The Chakosi are an Akan people who trace their origin to an area in the Ivory Coast in a place they call Anou or Ano. Thus, they refer to themselves and their language as Anufo "people of Anu". They inhabit three countries: Ghana, Benin and Togo.
Globally, this group totals 232,500 in 3 countries. The Chakosi of Ghana are numbering 112,000 (Peoplegroups.org, 2023)
Their primary language is Anufo.
The primary religion practiced by the Chakosi is Folk Islam, a syncretistic belief system that blends traditional elements of Islam with superstitious practices such as warding off spirits with incantations and magic amulets, and reciting verses of the Qur'an to bring about miraculous healings.
Orale narrations had it that they were in Ghana and Togo not later than 18th century and they were warriors in nature and fought a couple of battles including the ones they helped the Gonja people and the Mamprusi in building the Mamprusi Kingdom. They have names like Amoin, Akisie (Agishie), Kouasi, Adjoah, Amlan (Amanna) Ouwe, Yao, Koffi, Afoueh, N'gisah all depicting names of the days Mueneh (Sunday), Cishe (Monday), Djore (Tuesday), Mana (Wednesday), Ohue (Thursday), Ya (Friday) and Fue (Saturday) Kwa Chakosi speak the Akan dialect Chakosi language.
The Anufo (or Tchokossi) people mainly live in the northeastern part of Ghana’s Northern Region and on the Oti river plane of Togo’s Savanes Region where their traditional capital, Sansanne Mango, is situated. Main neighbors are the Mamprusi and Ngangam‐Dye in the north, the Konkomba in the south and Lamba in the east. They name themselves ‘’Anufo’’ (i.e. the people from Anu, Ivory Coast) but they are denominated ‘’Tchokossi’’ or ‘’Chakosi’’ by their neighbors.
Their language, Anufo, is a Kwa language, the only non‐Gur language in northern Togo.
Following a request for support from the Mamprusi against a Gurma invasion, the Anufo immigrated in the mid‐18th century into the current settlement area where they later raided, enslaved and assimilated the local inhabitants, i.e. groups from the Konkomba, Moba, Ngangam‐Dye, etc. They established a kind of feudalistic society composed of three classes: nobles, commoners and Muslims (abridged version).
It appears that migrations in the early 18th century brought together Mande horsemen and their malams from the North and Akan peoples from the East.
Together with the indigenous Ndenyi people, they were amalgamated into one people with a mixed language and culture.
In the mid 18th century, a small band of mercenaries left Ano to the Upper West region, Upper East region, Northern region, and North East region The band consisted of Mande horsemen, Akan musket-toting foot soldiers, and some Muslim scholar amulet-makers. These groups provided the basis for a society divided into three classes or estates: Nobles, commoners and Muslims.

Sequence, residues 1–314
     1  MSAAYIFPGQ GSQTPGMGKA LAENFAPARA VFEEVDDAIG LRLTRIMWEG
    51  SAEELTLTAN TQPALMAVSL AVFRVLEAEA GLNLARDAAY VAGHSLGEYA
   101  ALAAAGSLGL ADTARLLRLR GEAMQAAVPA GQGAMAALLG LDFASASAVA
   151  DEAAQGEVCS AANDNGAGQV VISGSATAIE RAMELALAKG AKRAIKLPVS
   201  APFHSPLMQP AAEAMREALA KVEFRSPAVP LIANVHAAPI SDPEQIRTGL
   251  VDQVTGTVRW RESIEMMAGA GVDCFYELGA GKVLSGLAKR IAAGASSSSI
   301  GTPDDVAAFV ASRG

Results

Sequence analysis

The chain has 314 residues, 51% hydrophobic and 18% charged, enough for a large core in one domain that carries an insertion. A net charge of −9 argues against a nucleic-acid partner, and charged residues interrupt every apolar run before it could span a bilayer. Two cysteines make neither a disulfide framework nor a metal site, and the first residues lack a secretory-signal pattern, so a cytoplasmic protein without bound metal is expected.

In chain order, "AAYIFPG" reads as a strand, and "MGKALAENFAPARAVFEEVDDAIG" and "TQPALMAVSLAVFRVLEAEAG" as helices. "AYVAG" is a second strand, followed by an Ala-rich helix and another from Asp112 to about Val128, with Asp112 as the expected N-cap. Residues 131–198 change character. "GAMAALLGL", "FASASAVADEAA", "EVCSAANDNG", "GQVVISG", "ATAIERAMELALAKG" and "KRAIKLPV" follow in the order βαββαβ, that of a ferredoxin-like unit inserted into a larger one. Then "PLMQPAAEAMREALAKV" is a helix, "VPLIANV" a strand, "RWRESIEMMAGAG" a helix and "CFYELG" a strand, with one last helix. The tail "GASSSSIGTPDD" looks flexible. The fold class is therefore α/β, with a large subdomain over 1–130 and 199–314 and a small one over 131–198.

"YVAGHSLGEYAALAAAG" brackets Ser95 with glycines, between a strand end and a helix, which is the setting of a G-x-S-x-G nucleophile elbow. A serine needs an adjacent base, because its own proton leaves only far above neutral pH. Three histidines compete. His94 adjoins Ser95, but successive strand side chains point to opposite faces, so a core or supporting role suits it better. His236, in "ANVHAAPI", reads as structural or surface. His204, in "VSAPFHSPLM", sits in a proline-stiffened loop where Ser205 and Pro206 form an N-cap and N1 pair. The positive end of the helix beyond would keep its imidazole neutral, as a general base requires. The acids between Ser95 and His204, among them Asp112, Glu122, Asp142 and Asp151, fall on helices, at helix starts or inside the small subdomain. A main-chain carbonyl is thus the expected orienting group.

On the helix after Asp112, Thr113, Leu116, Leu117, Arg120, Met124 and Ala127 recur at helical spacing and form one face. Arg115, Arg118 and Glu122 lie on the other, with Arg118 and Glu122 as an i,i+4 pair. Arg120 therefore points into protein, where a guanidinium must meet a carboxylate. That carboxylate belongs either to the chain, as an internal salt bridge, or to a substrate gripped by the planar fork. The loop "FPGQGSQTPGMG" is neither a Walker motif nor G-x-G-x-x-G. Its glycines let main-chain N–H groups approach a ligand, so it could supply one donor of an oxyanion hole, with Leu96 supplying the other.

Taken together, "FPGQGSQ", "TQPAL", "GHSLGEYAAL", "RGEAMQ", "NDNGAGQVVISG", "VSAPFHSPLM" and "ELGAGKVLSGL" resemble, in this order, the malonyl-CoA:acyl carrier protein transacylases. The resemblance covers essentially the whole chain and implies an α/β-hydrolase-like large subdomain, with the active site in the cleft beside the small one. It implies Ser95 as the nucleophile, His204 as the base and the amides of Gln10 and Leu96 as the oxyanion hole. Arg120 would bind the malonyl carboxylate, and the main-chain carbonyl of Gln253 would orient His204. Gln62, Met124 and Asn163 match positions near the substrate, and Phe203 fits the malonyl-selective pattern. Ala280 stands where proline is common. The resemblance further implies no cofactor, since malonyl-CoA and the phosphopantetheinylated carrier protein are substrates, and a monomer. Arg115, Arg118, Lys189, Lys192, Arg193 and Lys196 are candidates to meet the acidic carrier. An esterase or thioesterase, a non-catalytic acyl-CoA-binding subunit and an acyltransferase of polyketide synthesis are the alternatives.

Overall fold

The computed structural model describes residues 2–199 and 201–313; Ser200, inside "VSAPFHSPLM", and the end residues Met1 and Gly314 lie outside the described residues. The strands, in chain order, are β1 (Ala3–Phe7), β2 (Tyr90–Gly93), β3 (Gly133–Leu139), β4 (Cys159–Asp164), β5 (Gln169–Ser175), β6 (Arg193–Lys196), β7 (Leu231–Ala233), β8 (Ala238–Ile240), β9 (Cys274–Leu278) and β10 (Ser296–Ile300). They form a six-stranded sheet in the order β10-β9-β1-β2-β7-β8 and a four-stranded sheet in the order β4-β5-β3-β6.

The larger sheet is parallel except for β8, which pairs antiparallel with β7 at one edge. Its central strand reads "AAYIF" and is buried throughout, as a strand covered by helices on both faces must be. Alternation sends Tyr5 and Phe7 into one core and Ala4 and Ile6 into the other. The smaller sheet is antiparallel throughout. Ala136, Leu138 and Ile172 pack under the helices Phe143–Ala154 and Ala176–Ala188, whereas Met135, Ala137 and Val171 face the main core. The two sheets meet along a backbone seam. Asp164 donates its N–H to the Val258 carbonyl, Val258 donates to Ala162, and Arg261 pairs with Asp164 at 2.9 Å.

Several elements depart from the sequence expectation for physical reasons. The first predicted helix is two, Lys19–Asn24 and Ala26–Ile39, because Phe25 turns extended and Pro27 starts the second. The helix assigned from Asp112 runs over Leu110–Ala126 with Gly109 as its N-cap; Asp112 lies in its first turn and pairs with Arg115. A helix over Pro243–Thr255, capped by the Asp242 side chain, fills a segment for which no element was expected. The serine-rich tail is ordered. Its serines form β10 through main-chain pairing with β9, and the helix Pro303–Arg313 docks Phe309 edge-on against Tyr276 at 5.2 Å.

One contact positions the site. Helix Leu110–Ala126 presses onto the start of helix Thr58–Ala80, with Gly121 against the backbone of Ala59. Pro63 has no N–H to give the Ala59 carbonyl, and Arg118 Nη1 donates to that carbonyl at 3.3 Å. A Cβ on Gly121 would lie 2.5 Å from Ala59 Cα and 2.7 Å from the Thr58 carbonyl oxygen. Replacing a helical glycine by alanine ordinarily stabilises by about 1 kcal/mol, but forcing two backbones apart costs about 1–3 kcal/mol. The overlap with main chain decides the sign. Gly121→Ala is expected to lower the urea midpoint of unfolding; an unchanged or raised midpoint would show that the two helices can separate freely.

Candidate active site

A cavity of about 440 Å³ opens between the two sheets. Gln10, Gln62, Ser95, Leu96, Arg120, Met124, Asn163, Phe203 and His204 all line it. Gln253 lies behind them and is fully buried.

Eventually, the small army established a camp on the shores of the Oti River where the town of Mango in Togo stands today. Since they were warriors and not farmers, they made their living by conducting raids into the farming communities around them. This provided them with wives and slaves as well as foodstuffs and livestock. Eventually the people settled in the surrounding farming communities, and assimilation took place.
In 1974, the Anufo religion was pluralistic, Islam and animistic beliefs coexisted, e.g. divination was performed by Muslim sand‐writers as well as by animistic cowry‐diviners and clients of both were Muslims as well as non‐Muslims. In 1986, the animistic beliefs were predominant in the autochthonous population (i.e. the commoners) and were very similar to those of the surrounding peoples, i.e. several types of benevolent and malevolent spirits acted as intermediaries between the High (or creator) God and the population, such as territorial, kin‐oriented, personal and medicine spirits; the ancestors formed part of the kin‐oriented spirits. Each type of spirit was venerated in specific shrines.
Medicine shrines, for instance, had the typical conical earthen mound structure found almost everywhere in northern Togo; ancestor shrines were either trees in front of the compounds or the graves inside the compounds.
Concerning anthropomorphic representations attributed to the Anufo, no references could be found in the tribal art literature or corresponding archives (e.g. in the Frobenius archive). Kirby however mentioned that fertility shrines often contain ‘’rude figurines’’ called ndam. He referred to identical‐looking figures, but admitted that their signification is different.
In fact, these identical‐looking figures were typical ancestor figures of the Dagari, exhibiting an inverted Y shape.
While it is understandable that the autochthonous people maintained some of their animistic practices and traditions, it is surprising that only this short note about the existence of Anufo figural work could be found in literature. The German and French colonial officers and researchers (Zech, Frobenius, Froelich, Cornevin, etc.), who performed detailed studies of the neighboring people (see following chapters),
including their socio‐religious life and figural work, unfortunately did not establish any similarly detailed research concerning the Anufo‐Tchokossi.